At 401(k) Engineers, it is very important to us that you are well informed about what’s happening in the markets. Here are a few of the key topics of conversation that we feel deserve the most attention this month. If you have any questions or would like to continue the conversation, let us know, and we appreciate the opportunity.
WHAT’S HAPPENING NOW:
- Earnings – For many, it felt as though the bear market of 2018 departed as quickly as it arrived. According to Bloomberg, 68% of corporations have met or beat earnings projections in Q4 2018 and have provided fairly optimistic expectations toward the future. Although earnings are only one piece of the marketplace, if a broad swath of S&P 500 companies missed their projected earnings estimates, then we would expect more selling and less buying. However, that has not occurred so far this year, and the increase in companies that have beaten their projections has given an opportunity for the market to recover from last year’s drawdown. We will continue to monitor the earnings reports as an essential piece of data in 2019.
- Fed Policy – Following a press release from the Federal Reserve on January 30, it seemed as though the Federal Reserve had changed its tune from hawkishly raising interest rates in 2018 to slowly raising or maintaining them at their current level in 2019. We expect the slower rate of interest rate hikes to provide some stability to the bond market as well as give a cushion to the overall economy if any unexpected economic factors report weakness in the coming months. However, if the economy continues to grow, inflation ticks up, and wage growth expands, we will expect the committee to revisit its policy. Therefore, we expect the Fed to remain as an important variable and will keep informed on their decisions moving forward. For now, the pause most likely will provide relief to the housing market and continued earnings growth will help grow investor sentiment.
- Trade Tariffs – As President Trump made his way into Asia and back during the latter half of February, we expect some progress to come from his meetings with President Xi of China surrounding trade agreements. Overall, tariffs were the central concern of most economists during 2018, and we believe they will continue to be at the top of the list in 2019. If a resolution is made which builds confidence in corporate executives, it could add tailwind to an already expanding marketplace. If no resolution is made, then we will expect some volatility as headlines make their way into the media. President Trump cares about the stock market and, at times, measures its return as something like a letter grade for his performance. Therefore, we feel he will actively seek to find a resolution with Beijing. Previously, the two presidents had a sit down in Argentina at the G20 summit, where they pushed the tariff increase deadline from the first of 2019 to March 1. With the deadline approaching, we feel that we very well could have some form of an agreement which would provide clarity for executives with exposure to Chinese markets.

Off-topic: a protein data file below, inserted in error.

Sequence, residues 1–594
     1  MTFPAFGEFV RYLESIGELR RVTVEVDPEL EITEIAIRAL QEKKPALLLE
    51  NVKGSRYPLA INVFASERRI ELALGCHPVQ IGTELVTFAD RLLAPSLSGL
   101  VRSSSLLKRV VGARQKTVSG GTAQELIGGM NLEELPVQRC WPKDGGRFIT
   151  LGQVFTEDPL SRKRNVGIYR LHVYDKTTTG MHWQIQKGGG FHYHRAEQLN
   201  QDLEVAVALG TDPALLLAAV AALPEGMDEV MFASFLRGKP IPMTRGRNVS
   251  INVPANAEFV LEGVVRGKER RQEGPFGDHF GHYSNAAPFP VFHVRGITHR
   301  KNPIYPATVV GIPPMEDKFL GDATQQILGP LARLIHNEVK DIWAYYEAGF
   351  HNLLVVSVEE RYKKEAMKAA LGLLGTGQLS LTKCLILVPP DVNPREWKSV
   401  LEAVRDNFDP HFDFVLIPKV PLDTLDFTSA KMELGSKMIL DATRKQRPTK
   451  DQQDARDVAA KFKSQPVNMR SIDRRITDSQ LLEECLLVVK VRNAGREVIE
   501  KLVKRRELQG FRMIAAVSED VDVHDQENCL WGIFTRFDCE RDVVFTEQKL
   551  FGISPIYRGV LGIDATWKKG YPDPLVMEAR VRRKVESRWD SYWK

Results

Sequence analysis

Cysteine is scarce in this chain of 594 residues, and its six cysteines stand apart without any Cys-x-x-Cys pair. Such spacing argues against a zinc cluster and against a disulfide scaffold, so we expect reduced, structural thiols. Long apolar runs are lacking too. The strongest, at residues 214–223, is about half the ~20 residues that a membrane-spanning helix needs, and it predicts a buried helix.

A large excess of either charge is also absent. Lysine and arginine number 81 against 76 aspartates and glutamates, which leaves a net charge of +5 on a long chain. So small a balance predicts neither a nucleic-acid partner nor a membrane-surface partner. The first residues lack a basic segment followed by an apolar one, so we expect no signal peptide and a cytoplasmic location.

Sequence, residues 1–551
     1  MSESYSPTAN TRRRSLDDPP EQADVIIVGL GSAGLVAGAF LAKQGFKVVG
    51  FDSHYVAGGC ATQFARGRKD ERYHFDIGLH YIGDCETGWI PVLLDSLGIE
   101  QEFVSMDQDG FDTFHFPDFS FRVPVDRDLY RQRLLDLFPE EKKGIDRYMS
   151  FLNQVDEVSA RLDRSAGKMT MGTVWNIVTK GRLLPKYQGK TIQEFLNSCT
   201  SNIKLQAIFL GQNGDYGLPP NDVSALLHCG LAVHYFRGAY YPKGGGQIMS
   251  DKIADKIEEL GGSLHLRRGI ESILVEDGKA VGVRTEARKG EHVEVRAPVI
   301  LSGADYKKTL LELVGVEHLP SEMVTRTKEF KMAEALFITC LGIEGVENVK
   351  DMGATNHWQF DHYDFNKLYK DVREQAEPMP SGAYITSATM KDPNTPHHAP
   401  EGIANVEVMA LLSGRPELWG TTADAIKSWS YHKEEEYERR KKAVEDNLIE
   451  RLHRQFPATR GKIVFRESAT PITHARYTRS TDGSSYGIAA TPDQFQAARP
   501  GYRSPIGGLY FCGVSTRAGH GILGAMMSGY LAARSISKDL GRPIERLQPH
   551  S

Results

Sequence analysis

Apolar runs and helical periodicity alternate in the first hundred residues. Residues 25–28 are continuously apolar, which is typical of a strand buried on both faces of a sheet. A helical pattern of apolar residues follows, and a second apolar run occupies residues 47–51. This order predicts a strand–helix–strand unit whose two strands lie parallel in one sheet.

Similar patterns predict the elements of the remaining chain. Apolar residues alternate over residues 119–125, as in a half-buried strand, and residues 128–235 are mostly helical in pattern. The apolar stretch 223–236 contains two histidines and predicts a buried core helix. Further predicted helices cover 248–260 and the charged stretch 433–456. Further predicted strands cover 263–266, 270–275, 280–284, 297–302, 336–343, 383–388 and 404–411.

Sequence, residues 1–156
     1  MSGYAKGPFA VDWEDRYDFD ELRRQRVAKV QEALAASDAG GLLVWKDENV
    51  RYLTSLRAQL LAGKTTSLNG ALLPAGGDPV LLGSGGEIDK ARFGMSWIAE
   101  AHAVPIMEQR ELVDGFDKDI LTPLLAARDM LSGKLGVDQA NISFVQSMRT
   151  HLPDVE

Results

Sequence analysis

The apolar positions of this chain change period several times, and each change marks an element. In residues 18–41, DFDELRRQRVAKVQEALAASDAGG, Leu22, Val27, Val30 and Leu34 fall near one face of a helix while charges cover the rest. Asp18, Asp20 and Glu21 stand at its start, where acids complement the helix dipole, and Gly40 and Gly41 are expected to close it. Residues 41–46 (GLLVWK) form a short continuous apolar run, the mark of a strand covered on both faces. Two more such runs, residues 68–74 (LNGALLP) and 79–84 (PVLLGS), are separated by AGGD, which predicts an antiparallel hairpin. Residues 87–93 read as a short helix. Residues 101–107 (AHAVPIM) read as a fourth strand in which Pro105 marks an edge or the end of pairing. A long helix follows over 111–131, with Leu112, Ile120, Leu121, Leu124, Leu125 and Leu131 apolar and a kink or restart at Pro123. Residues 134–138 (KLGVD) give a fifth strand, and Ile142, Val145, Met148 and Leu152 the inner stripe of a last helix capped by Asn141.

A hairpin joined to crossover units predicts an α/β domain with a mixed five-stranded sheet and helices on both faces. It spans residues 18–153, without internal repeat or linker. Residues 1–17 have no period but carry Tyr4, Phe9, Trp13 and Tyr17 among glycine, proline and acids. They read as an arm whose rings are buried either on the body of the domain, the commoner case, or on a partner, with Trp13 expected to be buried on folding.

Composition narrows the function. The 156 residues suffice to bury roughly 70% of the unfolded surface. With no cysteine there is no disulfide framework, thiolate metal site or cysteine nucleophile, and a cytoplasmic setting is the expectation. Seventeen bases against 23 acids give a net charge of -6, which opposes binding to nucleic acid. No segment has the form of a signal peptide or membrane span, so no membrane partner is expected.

Looking ahead: – We believe that last year’s choppiness provided an excellent opportunity for investors to reflect on their risk tolerance and continue conversations surrounding their goals and objectives with their Advisor. Now that 2019 is off to a great start, we have been given the opportunity to exhale. However, we believe a positive and lasting resolution regarding trade tariffs before the market reaches new all-time highs. All eyes will be on that topic over the remainder of February and into March
The bottom line: Currently, we do not see any evidence of a recession occurring in the next 6-12 months. The overall economy has been provided another window of opportunity to continue its growth due to the pause in activity from the Federal Reserve. Pairing that with healthy earnings growth and a possible trade tariff resolution, Q2 2019 could very well be a strong period for equity markets. However, if trade resolutions are not made and political uncertainty continues, we can expect volatility ahead.
The views expressed here reflect the views of Brian Peardon. These views may change as market or other conditions change. Actual investments or investment decisions made by Cambridge Investment Research and its affiliates, whether for its own account or on behalf of clients, will not necessarily reflect the views expressed. This information is not intended to provide investment advice and does not account for individual investor circumstances. Investment decisions should always be made based on an investor's specific financial needs, objectives, goals, time horizon and risk tolerance. Past performance does not guarantee future results and no forecast should be considered a guarantee either. Moody's Corporation is the holding company that owns both Moody's Investor Services, which rates fixed income debt securities and Moody's Analytics, which provides software and research for economic analysis and risk management.